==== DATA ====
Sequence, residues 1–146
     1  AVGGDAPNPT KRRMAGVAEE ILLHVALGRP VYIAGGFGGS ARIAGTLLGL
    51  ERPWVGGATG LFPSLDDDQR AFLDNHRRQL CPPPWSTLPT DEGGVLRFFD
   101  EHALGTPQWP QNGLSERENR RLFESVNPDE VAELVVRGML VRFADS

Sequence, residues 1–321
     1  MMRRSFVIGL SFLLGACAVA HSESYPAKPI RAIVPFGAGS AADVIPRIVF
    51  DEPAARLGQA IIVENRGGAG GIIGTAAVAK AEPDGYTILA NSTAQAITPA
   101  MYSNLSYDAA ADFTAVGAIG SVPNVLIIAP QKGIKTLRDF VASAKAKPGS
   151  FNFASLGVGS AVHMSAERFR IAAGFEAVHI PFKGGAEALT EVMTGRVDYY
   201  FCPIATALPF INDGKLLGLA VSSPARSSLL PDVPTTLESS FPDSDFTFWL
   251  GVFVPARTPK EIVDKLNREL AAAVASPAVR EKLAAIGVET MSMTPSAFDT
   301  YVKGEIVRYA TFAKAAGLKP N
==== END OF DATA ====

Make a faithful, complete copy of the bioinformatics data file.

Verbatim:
Sequence, residues 1–146
     1  AVGGDAPNPT KRRMAGVAEE ILLHVALGRP VYIAGGFGGS ARIAGTLLGL
    51  ERPWVGGATG LFPSLDDDQR AFLDNHRRQL CPPPWSTLPT DEGGVLRFFD
   101  EHALGTPQWP QNGLSERENR RLFESVNPDE VAELVVRGML VRFADS

Sequence, residues 1–321
     1  MMRRSFVIGL SFLLGACAVA HSESYPAKPI RAIVPFGAGS AADVIPRIVF
    51  DEPAARLGQA IIVENRGGAG GIIGTAAVAK AEPDGYTILA NSTAQAITPA
   101  MYSNLSYDAA ADFTAVGAIG SVPNVLIIAP QKGIKTLRDF VASAKAKPGS
   151  FNFASLGVGS AVHMSAERFR IAAGFEAVHI PFKGGAEALT EVMTGRVDYY
   201  FCPIATALPF INDGKLLGLA VSSPARSSLL PDVPTTLESS FPDSDFTFWL
   251  GVFVPARTPK EIVDKLNREL AAAVASPAVR EKLAAIGVET MSMTPSAFDT
   301  YVKGEIVRYA TFAKAAGLKP N